Many hope that Misty Copeland is ushering in a new era for ballet. She is the first female African American ballet dancer to have the role of Principal Dancer at the American Ballet Theatre. She has literally changed the face of the dance.

Race is a central and important part of her story, but in A Ballerina’s Tale, the documentary featuring her career, she describes herself as defying not just one, but three ideas about what ballerinas are supposed to look like: “I’m black,” she says, and also: “I have a large chest, I’m muscular.”

In fact, asked to envision a prima ballerina, writes commentator Shane Jewel, what comes to most of our minds is probably a “perilously thin, desperately beautiful, gracefully elongated girl who is… pale as the driven snow.” White, yes, but also flat-chested and without obvious muscularity.

It feels like a timeless archetype — at least as timeless as ballet itself, which dates back to the 15th century — but it’s not. In fact, the idea that ballerinas should be painfully thin is a new development, absorbing only a fraction of ballet’s history, as can clearly be seen in this historical slideshow.

It started in the 1960s — barely more than 50 years ago — in response to the preferences of the influential choreographer George Balanchine. Elizabeth Kiem, the author of Dancer, Daughter, Traitor, Spy, calls him “the most influential figure in 20th century dance,” ballet and beyond. He co-founded the first major ballet school in America, made dozens of dancers famous, and choreographed more than 400 performances. And he liked his ballerinas wispy: “Tall and slender,” Kiem writes, “to the point of alarm.” It is called, amongst those in that world, the “Balanchine body.”

 

We’re right to view Copeland’s rise with awe, gratitude, and hope, but it’s also interesting to note that two of the the ceilings she’s breaking (by being a ballerina with breasts and muscles) have only recently been installed. It reminds me how quickly a newly introduced expectation can feel timeless; how strongly it can ossify into something that seems inevitable; how easily we accept that what we see in front of us is universal.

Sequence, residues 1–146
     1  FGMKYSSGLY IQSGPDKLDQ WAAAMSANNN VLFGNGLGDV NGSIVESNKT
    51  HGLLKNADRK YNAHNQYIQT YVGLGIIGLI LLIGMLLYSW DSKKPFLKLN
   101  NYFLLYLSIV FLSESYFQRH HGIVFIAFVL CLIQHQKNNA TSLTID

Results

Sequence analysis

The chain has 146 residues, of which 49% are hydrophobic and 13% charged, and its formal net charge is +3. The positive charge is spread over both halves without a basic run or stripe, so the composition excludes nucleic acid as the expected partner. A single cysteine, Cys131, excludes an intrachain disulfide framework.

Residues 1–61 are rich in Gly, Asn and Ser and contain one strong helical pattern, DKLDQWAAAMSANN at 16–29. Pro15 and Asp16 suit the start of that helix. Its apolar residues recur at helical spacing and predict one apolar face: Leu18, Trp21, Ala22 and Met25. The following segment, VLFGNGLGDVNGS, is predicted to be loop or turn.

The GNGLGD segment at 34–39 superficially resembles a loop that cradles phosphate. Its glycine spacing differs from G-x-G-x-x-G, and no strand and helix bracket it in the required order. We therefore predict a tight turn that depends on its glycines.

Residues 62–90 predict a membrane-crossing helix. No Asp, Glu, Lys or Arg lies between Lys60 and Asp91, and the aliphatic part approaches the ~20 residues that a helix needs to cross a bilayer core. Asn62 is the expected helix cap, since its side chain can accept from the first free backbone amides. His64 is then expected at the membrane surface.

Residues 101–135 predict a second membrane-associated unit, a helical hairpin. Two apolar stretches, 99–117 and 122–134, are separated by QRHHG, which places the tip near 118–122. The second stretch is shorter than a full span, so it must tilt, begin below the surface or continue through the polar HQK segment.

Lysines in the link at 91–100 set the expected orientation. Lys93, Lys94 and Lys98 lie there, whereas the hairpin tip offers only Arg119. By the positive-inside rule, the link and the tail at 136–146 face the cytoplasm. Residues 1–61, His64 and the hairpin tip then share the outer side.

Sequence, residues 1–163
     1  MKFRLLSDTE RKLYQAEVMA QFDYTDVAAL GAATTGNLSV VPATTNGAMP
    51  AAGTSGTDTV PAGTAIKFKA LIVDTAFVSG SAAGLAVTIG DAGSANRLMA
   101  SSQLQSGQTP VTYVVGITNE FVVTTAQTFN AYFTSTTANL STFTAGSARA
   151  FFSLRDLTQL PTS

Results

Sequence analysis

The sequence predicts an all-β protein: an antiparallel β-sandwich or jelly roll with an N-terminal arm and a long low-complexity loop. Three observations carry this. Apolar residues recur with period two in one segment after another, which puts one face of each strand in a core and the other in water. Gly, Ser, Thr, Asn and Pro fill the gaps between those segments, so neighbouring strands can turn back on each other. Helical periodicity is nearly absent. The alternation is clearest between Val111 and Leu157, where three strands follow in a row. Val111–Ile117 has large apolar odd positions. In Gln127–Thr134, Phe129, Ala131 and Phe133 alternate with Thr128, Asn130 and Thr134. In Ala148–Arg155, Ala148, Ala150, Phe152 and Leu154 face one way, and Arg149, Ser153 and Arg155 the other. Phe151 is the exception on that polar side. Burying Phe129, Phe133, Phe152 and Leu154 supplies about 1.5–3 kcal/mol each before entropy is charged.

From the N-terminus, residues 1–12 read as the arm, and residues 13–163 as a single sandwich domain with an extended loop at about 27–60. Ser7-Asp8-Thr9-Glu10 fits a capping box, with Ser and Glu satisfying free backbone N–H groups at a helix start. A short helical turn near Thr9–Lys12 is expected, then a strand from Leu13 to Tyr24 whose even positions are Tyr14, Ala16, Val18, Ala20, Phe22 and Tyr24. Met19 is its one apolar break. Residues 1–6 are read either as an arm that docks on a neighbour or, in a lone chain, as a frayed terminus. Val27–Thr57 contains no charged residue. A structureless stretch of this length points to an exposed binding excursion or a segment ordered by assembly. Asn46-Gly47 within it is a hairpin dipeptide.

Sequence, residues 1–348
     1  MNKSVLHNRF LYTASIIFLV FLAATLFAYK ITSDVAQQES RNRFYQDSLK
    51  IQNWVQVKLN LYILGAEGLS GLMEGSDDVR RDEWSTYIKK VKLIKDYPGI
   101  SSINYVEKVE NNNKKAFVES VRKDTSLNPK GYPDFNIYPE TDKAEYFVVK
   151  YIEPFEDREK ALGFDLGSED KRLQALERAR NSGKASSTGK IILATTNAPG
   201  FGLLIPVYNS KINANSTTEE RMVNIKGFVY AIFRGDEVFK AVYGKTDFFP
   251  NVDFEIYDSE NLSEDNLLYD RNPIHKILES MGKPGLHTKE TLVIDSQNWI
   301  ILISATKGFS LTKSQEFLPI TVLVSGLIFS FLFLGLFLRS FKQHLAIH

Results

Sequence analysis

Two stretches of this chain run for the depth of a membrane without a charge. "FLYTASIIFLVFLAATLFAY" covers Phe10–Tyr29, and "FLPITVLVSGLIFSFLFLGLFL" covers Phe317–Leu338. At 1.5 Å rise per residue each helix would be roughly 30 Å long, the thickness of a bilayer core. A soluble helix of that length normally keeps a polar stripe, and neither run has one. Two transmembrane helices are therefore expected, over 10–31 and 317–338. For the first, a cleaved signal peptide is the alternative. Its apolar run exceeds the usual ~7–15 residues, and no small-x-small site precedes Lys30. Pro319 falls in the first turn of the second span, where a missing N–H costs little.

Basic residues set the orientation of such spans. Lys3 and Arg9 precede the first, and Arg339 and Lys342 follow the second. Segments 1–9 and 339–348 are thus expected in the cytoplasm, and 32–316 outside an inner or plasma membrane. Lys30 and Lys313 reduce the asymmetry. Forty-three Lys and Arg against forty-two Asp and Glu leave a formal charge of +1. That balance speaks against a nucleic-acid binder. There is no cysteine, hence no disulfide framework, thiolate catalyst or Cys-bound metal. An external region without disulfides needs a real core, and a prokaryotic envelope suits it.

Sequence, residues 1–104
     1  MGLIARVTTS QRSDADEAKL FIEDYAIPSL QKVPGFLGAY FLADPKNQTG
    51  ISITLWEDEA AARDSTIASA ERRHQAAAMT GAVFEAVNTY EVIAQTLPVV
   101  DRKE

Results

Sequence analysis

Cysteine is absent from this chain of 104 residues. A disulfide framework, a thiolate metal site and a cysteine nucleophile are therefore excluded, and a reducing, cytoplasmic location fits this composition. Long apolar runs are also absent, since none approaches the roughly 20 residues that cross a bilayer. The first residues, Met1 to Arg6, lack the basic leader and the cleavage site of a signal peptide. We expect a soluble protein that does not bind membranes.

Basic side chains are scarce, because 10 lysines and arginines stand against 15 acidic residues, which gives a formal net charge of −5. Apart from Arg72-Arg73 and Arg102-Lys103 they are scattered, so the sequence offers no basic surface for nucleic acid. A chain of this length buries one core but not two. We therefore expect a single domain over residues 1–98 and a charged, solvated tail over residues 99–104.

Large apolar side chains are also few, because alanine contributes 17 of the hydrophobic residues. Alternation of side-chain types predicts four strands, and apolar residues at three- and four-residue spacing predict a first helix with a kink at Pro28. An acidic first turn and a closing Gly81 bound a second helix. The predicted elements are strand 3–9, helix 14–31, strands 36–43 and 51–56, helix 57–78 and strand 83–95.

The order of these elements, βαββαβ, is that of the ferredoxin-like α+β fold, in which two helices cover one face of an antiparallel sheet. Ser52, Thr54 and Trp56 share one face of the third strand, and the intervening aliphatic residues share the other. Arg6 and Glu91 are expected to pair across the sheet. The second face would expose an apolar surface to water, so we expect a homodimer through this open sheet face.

In The Social Construction of Reality, the sociologists Peter Berger and Thomas Luckmann explain how rapidly social inventions “harden” and “thicken.” Whoever initiates can see it for what it is — something they created — but to whoever comes next it simply seems like reality. What to Balanchine was “I will do it this way” became to his successors “This is how things are done.” And “a world so regarded,” Berger and Luckmann write, “attains a firmness in consciousness; it becomes real in an ever more massive way, and it can no longer be changed so readily.”

Exactly because the social construction of reality can be so real, even though it was merely invented, Copeland’s three glass ceilings are all equally impressive, even if only one is truly historic.

Lisa Wade is a professor at Occidental College and the co-author of Gender: Ideas, Interactions, Institutions. Find her on TwitterFacebook, and Instagram.

A survey of college and university presidents conducted earlier this year suggests that campus activists are making a difference. The American Council on Education asked 567 presidents about their experience with and response to activists on campus organized around racial diversity and justice.

Almost half (47%) of presidents at 4-year institutions said that such activism was occurring on their campuses and that the dialogue about such matters had increased (41%). The majority (86%) had met with student organizers more than once and more than half (55%) said that the “racial climate” on campus was more of a priority  than it had been just a few years ago. The trends for 2-year institutions were weaker, but in the same direction.